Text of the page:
Were your Fourth Amendment rights violated?

Do you ever feel that a police officer or other law enforcement official overstepped his or her bounds? It is not an uncommon feeling. In fact, many individuals accused of crimes feel that way. In some cases, if authorities failed to follow proper protocol, their actions may be illegal. The Fourth Amendment guarantees Arkansas residents the right to be free from unlawful searches and seizures in places where they have an expectation of privacy -- even in the realm of criminal law.

So, how does the Fourth Amendment help those accused of crimes? How can one exercise his or her Fourth Amendment rights?

Illegal search and seizure

When it comes to criminal law, the Fourth Amendment protects citizens from illegal search and seizure. This means that a police officer must have a legal reason to stop or physically apprehend a suspect and search his or her person or property. This also means that law enforcement authorities cannot seize items as evidence without sufficient cause or without court approval.

Fourth Amendment applies under very specific circumstances

Fourth Amendment protections apply under very specific circumstances. It all depends on:

  • How the detention or arrest of a person occurred
  • The nature of the crime
  • The details of the place searched
  • How a search was ultimately conducted

Anyone may choose to exercise his or her Fourth Amendment rights. It doesn't matter if police detained you while you were walking down the street, if you were in your car and pulled over for a routine traffic stop, if your business is under investigation or if you were arrested while in your home. If you feel that law enforcement officials violated your rights, you may be able to use Fourth Amendment protections to try to help your case.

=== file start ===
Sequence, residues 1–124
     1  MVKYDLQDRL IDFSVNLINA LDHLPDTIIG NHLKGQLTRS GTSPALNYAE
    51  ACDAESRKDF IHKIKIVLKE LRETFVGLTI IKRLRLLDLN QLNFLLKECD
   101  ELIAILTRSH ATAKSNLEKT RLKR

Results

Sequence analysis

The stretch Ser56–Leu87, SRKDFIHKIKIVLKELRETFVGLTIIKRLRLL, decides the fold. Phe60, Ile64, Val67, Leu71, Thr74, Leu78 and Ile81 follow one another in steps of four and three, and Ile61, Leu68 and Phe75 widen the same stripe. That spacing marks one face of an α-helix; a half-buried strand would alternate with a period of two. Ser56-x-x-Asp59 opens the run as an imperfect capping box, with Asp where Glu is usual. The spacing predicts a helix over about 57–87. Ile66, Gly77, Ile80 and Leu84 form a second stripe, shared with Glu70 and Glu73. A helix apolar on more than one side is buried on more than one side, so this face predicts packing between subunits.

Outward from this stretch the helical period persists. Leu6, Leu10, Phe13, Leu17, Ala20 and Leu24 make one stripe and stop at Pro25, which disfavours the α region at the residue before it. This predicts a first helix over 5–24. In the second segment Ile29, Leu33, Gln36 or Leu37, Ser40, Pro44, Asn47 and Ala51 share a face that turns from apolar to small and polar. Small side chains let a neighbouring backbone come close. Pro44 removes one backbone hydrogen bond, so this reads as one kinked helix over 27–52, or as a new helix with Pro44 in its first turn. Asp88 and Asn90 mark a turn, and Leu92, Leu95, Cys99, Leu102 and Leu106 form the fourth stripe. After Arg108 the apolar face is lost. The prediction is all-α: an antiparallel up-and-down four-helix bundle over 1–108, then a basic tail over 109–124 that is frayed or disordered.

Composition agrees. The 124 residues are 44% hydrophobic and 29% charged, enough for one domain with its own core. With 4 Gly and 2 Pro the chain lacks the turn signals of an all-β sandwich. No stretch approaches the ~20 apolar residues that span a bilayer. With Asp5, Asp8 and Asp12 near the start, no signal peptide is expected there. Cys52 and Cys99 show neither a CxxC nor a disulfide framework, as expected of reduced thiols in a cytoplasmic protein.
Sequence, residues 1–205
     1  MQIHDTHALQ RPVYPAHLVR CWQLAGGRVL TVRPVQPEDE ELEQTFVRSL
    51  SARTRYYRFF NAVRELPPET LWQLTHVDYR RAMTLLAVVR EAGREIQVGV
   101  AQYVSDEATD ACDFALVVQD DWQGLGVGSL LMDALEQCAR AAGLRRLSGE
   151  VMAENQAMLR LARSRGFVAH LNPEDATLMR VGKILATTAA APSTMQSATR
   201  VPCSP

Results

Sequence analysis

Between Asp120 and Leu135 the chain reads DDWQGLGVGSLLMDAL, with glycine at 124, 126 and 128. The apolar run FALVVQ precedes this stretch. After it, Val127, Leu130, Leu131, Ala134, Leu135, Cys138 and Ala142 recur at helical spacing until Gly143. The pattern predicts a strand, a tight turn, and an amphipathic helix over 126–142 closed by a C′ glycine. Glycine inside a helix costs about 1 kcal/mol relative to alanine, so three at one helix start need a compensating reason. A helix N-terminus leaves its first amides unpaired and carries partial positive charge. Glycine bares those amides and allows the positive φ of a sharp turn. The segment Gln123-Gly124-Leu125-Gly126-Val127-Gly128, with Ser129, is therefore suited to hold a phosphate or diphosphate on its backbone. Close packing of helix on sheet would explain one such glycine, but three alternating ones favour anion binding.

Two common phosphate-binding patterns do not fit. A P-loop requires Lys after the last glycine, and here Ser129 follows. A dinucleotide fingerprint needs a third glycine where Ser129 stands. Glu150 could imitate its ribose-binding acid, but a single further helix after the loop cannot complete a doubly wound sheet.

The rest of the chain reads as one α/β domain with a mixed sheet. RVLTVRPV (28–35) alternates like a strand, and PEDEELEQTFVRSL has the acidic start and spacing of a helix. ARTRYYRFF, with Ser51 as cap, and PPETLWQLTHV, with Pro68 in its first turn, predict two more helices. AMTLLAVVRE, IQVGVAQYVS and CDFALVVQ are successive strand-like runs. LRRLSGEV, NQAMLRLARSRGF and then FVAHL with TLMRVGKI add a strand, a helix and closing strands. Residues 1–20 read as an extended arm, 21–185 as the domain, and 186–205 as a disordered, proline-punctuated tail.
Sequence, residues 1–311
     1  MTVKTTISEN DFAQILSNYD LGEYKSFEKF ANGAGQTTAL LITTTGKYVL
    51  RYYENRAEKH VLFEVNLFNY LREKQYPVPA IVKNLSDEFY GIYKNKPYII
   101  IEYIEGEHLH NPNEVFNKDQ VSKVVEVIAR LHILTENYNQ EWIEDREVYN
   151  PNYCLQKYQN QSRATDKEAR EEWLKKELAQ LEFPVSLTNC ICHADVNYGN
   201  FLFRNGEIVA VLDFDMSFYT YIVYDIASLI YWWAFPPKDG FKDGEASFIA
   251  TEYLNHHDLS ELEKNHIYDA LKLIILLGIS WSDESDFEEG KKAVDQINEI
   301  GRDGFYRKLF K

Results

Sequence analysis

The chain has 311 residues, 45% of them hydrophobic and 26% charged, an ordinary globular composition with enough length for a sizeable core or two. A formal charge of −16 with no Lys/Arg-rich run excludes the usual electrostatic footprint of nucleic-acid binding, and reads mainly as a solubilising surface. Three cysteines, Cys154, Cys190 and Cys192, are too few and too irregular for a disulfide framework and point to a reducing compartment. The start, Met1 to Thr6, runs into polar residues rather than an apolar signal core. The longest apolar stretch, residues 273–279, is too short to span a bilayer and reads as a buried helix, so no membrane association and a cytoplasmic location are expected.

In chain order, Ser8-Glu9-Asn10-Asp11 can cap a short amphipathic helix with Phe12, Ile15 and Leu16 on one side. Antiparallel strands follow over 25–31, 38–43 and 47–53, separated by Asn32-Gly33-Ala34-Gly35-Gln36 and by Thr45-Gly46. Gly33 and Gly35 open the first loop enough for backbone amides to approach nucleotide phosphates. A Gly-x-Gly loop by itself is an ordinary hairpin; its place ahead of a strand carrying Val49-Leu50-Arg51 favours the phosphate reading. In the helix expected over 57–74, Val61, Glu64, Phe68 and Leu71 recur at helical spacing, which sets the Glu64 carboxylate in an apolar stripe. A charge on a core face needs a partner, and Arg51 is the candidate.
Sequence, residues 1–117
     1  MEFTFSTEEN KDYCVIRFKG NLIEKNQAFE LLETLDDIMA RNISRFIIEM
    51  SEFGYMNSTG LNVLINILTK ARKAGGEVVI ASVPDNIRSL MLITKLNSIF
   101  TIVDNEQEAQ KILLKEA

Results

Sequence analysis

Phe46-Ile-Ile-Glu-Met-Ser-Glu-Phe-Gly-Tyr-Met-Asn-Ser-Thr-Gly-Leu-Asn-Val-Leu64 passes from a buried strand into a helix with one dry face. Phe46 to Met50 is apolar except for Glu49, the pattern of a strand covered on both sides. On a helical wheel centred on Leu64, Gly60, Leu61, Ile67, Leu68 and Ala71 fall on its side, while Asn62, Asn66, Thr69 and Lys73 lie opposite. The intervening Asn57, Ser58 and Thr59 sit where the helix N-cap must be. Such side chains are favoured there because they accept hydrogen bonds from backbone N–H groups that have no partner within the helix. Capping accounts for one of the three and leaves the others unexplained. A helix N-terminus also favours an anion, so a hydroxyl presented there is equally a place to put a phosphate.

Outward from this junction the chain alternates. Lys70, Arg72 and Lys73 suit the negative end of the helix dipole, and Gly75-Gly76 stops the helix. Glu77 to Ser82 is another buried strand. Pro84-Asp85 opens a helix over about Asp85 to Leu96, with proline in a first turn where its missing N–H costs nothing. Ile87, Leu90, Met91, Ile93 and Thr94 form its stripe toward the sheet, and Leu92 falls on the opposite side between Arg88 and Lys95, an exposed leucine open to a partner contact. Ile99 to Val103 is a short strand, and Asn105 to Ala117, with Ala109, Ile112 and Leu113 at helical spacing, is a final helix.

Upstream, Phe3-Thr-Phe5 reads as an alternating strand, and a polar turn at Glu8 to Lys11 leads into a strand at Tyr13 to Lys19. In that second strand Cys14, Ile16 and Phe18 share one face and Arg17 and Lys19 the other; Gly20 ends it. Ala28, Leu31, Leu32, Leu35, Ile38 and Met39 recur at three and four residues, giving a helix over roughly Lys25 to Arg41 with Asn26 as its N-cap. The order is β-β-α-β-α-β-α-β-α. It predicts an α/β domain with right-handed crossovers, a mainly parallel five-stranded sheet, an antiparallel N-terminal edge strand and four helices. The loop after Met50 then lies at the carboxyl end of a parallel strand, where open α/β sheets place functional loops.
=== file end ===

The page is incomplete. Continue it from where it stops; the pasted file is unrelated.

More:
If the officer who detained or arrested you, or who searched your or your property, did so without cause or proper approval, any evidence obtained from the search and seizure may not be admissible in court. Evidence could be anything including:

  • A confession
  • Biological material
  • Physical property
  • Other assets

Getting any of these things removed as evidence could prove helpful to one's case.

Not sure, ask

If you are not sure if you are a victim of a Fourth Amendment rights violation, ask. It may become quite clear after a careful review of your case. If you and your legal counsel believe that, yes, your rights have been violated, you can take the steps necessary to file a complaint in court and seek to have your criminal case dismissed or at least seek to have any charges filed against you reduced.

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